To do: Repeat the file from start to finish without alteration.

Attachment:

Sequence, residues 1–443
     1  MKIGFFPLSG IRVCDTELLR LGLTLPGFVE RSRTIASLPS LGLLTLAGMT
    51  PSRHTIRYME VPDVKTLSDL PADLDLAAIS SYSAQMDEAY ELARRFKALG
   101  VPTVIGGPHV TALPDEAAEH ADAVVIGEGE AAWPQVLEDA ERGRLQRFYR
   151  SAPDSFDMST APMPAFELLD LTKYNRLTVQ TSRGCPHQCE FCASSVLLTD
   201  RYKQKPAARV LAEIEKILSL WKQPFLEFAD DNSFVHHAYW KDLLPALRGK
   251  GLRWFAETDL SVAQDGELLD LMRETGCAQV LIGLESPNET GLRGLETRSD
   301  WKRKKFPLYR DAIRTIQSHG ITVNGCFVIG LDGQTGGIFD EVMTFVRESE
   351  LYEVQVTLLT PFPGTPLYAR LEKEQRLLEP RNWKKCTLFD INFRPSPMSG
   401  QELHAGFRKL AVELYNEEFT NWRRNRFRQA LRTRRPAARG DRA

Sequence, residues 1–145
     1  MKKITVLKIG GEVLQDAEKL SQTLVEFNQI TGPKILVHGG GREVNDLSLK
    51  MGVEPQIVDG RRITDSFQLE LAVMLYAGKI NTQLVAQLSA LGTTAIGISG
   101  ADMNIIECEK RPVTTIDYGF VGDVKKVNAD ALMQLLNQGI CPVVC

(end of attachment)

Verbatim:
Sequence, residues 1–443
     1  MKIGFFPLSG IRVCDTELLR LGLTLPGFVE RSRTIASLPS LGLLTLAGMT
    51  PSRHTIRYME VPDVKTLSDL PADLDLAAIS SYSAQMDEAY ELARRFKALG
   101  VPTVIGGPHV TALPDEAAEH ADAVVIGEGE AAWPQVLEDA ERGRLQRFYR
   151  SAPDSFDMST APMPAFELLD LTKYNRLTVQ TSRGCPHQCE FCASSVLLTD
   201  RYKQKPAARV LAEIEKILSL WKQPFLEFAD DNSFVHHAYW KDLLPALRGK
   251  GLRWFAETDL SVAQDGELLD LMRETGCAQV LIGLESPNET GLRGLETRSD
   301  WKRKKFPLYR DAIRTIQSHG ITVNGCFVIG LDGQTGGIFD EVMTFVRESE
   351  LYEVQVTLLT PFPGTPLYAR LEKEQRLLEP RNWKKCTLFD INFRPSPMSG
   401  QELHAGFRKL AVELYNEEFT NWRRNRFRQA LRTRRPAARG DRA

Sequence, residues 1–145
     1  MKKITVLKIG GEVLQDAEKL SQTLVEFNQI TGPKILVHGG GREVNDLSLK
    51  MGVEPQIVDG RRITDSFQLE LAVMLYAGKI NTQLVAQLSA LGTTAIGISG
   101  ADMNIIECEK RPVTTIDYGF VGDVKKVNAD ALMQLLNQGI CPVVC